Anatomic studies of the Human Cochlea: Implications for Cochlear Implantation
Anatomical studies of the human cochlea are of value for cochlear implantation (CI) and may also increase our understanding of the function of the human hearing organ. Hearing loss is the most common sensory deficit.
Cochlear implantation is a major achievement in modern medicine. CI electrodes on the market are mostly designed either for a position along the inner modiolar wall (so-called peri-modiolar electrodes) or along the outer wall of scala tympani. Anatomic variations of the cochlea may influence its final position relative to the cochlea place/frequency map. With less invasive surgical techniques and shorter electrodes the fragile inner ear structures may also be conserved Preservation of residual hearing is now a goal in all cochlear implant surgery and better knowledge about anatomical variation may limit intra-cochlear damage.
Our collection of plastic human inner ear molds contains 325 specimens (Fig. 1). The applied method of casting temporal bone specimens was described by Wilbrand et al.(Wilbrand et al. 1974) Wadin (Wadin 1988) and Rask-Andersen et al. (Rask-Andersen et al. 1977).
Li H, Schart-Morén N, Rohani SA, Ladak HM, Rask-Andersen H, Agrawal S. 2020. Synchrotron Radiation-Based Reconstruction of the Human Spiral Ganglion: Implications for Cochlear Implantation. Ear Hear. 41(1):173–81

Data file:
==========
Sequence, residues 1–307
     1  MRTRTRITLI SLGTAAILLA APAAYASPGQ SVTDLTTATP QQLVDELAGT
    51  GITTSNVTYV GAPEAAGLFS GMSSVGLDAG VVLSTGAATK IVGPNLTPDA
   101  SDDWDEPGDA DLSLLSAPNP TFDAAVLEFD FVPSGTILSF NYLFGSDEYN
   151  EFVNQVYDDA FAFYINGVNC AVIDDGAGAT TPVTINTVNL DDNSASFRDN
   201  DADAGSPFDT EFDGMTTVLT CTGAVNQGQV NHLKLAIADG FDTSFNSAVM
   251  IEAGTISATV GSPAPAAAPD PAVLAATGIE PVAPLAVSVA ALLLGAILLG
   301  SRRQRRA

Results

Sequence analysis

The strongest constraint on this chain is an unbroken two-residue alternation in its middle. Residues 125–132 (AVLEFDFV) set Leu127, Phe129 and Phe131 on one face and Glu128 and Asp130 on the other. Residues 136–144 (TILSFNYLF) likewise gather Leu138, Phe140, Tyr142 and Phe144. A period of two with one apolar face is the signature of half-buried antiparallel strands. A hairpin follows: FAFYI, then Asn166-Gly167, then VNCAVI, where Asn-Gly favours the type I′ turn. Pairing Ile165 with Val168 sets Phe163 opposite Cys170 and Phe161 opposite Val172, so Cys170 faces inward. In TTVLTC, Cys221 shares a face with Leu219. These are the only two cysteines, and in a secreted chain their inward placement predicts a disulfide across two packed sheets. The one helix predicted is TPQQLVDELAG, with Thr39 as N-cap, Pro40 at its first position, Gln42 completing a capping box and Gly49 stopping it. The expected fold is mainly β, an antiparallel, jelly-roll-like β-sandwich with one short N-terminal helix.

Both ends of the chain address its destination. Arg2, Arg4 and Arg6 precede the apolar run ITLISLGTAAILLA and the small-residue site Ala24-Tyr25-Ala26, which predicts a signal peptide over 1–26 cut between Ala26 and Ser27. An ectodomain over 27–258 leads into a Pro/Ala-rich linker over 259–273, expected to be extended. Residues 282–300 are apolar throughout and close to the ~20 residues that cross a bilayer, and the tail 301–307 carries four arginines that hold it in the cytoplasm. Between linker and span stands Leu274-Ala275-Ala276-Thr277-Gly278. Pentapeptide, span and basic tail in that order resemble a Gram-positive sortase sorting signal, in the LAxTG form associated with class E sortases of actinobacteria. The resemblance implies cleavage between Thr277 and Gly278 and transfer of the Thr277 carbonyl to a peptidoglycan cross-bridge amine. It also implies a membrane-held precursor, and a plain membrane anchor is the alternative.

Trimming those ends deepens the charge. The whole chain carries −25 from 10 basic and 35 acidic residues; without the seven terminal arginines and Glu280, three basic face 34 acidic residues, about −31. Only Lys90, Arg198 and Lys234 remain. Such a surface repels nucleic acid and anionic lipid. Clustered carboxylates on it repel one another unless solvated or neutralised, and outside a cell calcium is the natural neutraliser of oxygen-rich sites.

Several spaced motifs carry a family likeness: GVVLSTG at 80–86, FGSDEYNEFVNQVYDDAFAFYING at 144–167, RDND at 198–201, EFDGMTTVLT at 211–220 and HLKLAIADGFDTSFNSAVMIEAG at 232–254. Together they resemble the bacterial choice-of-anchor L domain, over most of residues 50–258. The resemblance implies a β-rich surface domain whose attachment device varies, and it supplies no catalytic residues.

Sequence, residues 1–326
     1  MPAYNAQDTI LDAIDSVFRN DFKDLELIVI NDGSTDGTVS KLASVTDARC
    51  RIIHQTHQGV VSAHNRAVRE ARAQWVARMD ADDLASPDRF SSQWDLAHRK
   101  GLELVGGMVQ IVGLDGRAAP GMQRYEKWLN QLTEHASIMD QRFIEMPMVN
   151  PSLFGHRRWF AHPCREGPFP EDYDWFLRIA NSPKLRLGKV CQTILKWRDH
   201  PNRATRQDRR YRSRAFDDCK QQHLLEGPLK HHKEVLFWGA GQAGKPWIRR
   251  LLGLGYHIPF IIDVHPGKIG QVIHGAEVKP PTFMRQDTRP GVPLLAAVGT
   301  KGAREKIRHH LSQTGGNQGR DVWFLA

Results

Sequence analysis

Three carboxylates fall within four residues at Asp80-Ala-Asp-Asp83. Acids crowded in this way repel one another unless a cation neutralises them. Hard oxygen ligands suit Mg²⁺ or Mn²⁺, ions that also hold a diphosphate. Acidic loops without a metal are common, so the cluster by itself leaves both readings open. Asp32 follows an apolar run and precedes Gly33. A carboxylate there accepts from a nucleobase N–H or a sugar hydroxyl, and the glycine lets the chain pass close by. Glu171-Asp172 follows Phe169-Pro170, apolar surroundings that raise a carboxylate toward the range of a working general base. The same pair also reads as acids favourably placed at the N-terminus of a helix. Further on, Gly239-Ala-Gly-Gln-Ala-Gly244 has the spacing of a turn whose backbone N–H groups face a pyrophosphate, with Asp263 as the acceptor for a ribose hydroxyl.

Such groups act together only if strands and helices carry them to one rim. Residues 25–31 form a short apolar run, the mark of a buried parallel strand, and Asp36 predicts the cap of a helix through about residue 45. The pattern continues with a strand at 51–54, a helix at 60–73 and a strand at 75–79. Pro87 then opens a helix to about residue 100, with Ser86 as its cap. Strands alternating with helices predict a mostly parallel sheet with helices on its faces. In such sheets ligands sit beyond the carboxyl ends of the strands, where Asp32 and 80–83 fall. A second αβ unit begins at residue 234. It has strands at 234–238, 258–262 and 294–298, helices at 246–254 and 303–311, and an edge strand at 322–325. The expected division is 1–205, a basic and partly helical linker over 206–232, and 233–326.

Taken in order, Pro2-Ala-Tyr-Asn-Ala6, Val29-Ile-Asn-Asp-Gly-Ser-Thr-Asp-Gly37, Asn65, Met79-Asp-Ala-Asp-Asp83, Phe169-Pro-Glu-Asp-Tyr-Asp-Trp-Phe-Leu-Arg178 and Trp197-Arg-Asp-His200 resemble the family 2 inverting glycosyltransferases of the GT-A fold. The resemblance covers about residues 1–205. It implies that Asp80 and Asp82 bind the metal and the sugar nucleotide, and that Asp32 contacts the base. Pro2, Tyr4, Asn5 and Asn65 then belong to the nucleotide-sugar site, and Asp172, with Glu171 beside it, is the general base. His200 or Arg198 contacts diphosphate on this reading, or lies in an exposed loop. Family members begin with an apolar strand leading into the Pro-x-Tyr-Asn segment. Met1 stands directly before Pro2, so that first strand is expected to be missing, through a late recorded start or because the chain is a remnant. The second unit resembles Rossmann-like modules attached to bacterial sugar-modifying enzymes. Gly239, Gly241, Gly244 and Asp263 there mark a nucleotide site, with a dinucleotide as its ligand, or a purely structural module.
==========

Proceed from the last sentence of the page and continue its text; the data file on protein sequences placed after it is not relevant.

Liu W, Schrott-Fischer A, Glueckert R, Benav H, Rask-Andersen H. 2017. The Human “Cochlear Battery” – Claudin-11 Barrier and Ion Transport Proteins in the Lateral Wall of the Cochlea. Front. Mol. Neurosci. 10:
Mei X, Glueckert R, Schrott-Fischer A, Li H, Ladak HM, et al. 2020. Vascular Supply of the Human Spiral Ganglion: Novel Three-Dimensional Analysis Using Synchrotron Phase-Contrast Imaging and Histology. Sci. Rep. 10(1):5877
Rask-Andersen H, Stahle J, Wilbrand H. 1977. Human cochlear aqueduct and its accessory canals. Ann. Otol. Rhinol. Laryngol. 86(suppl.42, 5II):1–16
Wadin K. 1988. Imaging contributions to the temporal bone anatomy (high jugular fossae). Scand Audiol Suppl. 30:145–48
Wilbrand HF, Rask-Andersen H, Gilstring D. 1974. The vestibular aqueduct and the para-vestibular canal:An anatomic and roentgenologic investigation. Acta radiol. 15(4):337–55
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